I cannot recall ever eating roast goose, until I moved to Germany. And, the first time occurred after several years. I have come to enjoy this seasonal speciality, which is served in the late fall and winter.
I can recall reading about the English eating goose at Christmas and am certain that one could find this bird somewhere in the United States. My family had turkey or roast beef at Thanksgiving and Christmas.
The time has come, once again, to enjoy roast goose a time or two. One does not cook this at home, because a goose messes up an oven something fierce. Even though we have a self-cleaning oven, I would not submit the poor thing to roasting a goose. The great amount of fat that seeps from a roasting goose is collected to become a spread for bread, something I have never tried. Since we do not cook goose, there is no fat to save.
Writing this makes me long for and look forward to my first of several goose dinners at a restaurant…
_ I am certain that no one cares what I had for lunch. Despite this apathy, I will write about my meal.
I had goose for lunch. I like goose, which is a seasonal favorite in Germany (and, perhaps, much of Europe). It is a traditional meal of St. Martin’s Day (which means nothing in the United States), but is celebrated by kindergarten children with a lantern procession and by goose lovers (dead and cooked, not live). My only memory of goose as a child is in stories, which were written in England in past centuries.
I know of St. Martin, because he was the patron saint of my private school. A large painting of him slicing his cloak with his sword, to be able to share it with a beggar, graced the dining room. We were urged to believe this myth and associated mythical motto about serving, rather than being served. We were never fed goose, and I do not recall ever seeing it on a menu until reaching Europe. I do not recall my first time (like many key milestones in my life), but do recall enjoying roast goose in winter months on Lufthansa flights to various points around the world (last time was last year on a flight to Dubai). The best I ever had was at a gasthaus (stealth German Word of the Day, meaning “village inn”) near Nuremberg, where I would make a pilgrimage each year during the 1990s.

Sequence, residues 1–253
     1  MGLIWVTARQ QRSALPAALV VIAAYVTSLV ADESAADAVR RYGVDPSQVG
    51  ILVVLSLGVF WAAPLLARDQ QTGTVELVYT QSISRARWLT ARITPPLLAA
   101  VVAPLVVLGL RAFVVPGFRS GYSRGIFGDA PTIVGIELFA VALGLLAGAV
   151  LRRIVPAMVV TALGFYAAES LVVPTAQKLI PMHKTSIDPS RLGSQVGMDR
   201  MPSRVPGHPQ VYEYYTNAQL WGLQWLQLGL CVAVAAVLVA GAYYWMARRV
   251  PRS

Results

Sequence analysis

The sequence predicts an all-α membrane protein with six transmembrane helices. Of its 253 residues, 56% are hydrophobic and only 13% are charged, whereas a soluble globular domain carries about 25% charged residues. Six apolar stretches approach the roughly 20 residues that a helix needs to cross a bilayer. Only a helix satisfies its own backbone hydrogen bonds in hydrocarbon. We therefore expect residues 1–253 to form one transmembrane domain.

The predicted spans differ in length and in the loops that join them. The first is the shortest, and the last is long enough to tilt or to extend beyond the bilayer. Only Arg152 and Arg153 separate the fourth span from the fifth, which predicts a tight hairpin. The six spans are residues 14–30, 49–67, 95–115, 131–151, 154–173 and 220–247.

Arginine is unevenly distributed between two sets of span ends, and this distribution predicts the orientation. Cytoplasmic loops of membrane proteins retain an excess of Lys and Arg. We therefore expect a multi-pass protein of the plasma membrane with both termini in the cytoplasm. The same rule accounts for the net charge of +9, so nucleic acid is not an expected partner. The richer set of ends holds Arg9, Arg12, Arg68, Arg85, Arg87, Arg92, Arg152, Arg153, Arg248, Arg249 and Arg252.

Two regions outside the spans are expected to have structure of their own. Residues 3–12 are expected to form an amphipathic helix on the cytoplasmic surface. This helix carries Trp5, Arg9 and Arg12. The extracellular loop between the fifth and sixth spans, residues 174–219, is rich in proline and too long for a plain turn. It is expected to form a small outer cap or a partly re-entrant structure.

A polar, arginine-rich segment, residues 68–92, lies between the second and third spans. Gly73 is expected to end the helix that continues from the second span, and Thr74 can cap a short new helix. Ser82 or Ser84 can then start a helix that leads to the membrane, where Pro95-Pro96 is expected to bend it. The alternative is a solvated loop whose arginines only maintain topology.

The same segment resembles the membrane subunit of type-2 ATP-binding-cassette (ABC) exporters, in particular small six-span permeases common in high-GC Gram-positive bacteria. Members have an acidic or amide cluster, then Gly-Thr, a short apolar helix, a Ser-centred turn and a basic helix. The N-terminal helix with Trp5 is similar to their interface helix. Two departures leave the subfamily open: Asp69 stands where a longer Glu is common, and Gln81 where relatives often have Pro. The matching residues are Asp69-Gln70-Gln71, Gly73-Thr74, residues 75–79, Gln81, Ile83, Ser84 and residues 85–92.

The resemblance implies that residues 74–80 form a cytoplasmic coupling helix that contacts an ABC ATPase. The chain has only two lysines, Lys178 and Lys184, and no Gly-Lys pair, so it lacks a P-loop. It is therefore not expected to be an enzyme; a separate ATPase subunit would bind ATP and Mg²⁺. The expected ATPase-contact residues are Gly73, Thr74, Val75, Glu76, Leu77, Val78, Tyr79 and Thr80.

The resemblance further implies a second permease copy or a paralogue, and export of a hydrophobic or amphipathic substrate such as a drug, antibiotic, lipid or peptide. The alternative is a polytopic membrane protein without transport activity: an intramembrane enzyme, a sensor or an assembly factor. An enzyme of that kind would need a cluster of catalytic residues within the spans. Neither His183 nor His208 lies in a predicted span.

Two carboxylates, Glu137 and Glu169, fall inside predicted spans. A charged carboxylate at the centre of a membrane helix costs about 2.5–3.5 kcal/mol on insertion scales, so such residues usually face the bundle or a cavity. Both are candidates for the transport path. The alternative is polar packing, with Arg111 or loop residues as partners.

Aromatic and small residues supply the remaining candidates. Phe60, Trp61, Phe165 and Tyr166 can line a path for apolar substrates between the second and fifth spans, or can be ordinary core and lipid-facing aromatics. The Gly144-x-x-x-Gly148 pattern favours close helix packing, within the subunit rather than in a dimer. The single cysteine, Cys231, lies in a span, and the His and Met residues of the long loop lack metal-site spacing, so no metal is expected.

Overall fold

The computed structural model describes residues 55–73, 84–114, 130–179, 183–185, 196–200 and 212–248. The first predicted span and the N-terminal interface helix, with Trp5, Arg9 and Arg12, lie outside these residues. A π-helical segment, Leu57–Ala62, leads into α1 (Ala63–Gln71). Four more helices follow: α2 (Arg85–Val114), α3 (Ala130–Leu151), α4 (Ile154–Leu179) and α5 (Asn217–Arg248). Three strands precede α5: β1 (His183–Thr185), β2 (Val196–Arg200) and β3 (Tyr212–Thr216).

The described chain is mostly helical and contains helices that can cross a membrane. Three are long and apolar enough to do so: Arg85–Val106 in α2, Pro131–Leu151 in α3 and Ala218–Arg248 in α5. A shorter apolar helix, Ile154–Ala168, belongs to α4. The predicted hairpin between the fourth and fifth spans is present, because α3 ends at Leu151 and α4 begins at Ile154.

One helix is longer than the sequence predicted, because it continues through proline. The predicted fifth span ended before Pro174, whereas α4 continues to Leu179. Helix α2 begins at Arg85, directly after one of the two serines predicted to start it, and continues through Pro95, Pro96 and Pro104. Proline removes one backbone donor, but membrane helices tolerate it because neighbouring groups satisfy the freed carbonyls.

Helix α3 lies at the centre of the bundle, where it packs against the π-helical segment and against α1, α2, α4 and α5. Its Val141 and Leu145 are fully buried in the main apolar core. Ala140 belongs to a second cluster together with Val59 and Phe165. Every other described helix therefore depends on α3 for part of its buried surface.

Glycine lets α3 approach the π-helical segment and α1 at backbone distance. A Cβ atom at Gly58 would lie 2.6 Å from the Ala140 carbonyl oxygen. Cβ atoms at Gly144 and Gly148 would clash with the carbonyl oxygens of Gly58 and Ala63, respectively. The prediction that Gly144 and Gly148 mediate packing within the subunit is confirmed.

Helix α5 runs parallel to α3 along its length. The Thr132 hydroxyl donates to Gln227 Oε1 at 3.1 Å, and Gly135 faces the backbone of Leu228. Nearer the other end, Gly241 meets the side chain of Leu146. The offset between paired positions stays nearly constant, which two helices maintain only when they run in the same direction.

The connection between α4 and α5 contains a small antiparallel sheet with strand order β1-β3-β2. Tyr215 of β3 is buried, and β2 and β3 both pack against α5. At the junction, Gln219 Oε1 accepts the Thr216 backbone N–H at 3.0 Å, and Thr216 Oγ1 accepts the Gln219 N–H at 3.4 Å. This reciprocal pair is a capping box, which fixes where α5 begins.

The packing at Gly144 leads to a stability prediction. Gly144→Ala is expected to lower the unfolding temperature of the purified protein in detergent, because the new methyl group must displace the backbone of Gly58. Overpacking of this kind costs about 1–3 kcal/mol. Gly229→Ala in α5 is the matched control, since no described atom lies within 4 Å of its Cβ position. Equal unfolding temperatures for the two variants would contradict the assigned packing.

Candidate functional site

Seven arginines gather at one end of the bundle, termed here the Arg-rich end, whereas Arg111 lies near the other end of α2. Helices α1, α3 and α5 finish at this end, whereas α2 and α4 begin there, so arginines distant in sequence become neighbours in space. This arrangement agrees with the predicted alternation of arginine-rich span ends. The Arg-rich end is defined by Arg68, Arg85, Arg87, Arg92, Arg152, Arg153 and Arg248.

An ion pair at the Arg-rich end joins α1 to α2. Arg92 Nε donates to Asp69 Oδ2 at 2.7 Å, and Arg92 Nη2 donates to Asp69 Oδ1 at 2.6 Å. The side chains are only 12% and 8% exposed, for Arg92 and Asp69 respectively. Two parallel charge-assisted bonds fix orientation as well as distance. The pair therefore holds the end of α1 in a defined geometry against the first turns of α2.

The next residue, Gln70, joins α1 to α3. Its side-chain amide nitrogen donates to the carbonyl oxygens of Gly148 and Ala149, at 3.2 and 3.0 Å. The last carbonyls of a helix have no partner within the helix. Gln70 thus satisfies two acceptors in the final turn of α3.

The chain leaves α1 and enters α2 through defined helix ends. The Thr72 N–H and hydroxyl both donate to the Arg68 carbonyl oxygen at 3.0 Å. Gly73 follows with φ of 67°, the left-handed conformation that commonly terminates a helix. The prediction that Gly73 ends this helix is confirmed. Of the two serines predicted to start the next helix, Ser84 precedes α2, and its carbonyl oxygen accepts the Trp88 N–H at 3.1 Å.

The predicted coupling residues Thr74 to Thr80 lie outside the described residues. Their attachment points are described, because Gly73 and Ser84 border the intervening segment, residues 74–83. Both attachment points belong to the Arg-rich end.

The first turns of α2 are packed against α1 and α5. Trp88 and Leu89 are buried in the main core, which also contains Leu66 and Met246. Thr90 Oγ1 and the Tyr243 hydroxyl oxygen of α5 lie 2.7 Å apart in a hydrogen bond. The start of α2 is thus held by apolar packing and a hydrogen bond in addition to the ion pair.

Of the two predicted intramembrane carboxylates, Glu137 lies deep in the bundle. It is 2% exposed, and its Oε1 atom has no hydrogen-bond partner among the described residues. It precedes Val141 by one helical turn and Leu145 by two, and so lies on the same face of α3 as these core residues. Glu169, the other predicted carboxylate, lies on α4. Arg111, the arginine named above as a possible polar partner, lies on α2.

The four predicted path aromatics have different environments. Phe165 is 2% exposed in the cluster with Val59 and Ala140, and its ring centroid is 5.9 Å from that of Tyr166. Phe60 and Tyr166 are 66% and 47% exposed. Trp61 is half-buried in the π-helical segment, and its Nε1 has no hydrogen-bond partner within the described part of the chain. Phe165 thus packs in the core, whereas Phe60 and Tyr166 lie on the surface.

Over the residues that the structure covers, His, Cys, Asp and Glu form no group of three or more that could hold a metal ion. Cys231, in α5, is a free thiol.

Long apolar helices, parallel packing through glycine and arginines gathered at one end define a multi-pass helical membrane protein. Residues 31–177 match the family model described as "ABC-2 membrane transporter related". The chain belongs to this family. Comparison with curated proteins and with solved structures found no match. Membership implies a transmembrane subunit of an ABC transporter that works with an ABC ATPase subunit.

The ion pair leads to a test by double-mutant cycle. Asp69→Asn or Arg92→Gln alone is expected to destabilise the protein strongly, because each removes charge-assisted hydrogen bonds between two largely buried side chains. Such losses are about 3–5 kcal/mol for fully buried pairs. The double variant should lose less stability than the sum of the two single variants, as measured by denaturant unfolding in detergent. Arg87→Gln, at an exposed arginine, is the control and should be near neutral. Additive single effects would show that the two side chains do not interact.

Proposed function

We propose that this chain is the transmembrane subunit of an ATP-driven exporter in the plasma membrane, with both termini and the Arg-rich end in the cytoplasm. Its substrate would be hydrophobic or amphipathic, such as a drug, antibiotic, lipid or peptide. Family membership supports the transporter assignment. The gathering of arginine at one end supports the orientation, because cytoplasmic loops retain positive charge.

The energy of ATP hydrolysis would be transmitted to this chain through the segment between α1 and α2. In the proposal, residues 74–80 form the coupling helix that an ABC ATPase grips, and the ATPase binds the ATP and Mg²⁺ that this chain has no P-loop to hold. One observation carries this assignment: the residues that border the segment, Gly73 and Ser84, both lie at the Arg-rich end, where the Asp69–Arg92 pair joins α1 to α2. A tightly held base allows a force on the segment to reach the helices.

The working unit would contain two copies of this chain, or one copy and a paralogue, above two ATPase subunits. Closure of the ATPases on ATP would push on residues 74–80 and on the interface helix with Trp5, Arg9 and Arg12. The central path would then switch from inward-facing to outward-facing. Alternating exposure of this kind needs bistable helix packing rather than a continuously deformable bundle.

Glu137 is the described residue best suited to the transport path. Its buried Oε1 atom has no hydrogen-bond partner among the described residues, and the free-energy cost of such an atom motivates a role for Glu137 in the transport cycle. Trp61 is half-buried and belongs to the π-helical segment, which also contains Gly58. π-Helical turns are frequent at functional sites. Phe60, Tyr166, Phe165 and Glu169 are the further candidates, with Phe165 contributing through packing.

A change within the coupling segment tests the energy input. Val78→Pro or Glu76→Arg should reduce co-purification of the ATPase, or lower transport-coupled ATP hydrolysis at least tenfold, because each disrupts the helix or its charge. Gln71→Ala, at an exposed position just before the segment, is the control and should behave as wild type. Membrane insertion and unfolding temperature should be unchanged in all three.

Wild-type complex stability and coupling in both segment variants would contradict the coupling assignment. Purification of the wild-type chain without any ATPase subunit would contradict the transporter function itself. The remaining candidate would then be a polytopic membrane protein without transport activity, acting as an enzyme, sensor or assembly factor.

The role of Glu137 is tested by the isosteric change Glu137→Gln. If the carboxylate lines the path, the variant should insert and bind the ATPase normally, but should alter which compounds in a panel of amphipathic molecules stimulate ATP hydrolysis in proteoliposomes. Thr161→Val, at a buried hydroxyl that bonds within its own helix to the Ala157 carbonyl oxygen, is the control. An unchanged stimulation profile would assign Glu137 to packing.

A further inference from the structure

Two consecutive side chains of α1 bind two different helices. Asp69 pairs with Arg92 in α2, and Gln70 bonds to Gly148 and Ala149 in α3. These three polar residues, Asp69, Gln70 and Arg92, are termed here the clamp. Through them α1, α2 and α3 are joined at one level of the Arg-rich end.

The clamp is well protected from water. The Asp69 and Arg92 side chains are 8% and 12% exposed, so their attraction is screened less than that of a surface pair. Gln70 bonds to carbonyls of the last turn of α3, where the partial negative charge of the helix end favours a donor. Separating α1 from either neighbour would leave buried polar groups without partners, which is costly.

Goose is best enjoyed at a restaurant or someone else’s house, because it destroys the oven. Roasting releases so much fat, which coats the inside of the oven. I ruined our Weber grill, but saved our oven from a life of irremovable stains. I have no qualms about enjoying goose at the expense of another’s oven.
Goose is best served with cooked red cabbage, Klöse (ditto stealth, meaning “dumplings” but not really), baked apples, chestnuts, and gravy. The skin must be crispy and the meat tender. It tastes best on a cold day.
Prior to writing novels, the author enjoyed a multifaceted career: from decorated combat aviator to advertising professional to global communications director of a major consumer brand. He has traveled the world and met sports, film and television stars, political leaders, and royalty. He graduated from Middlebury College, is married, lives in Germany, and has two grown children.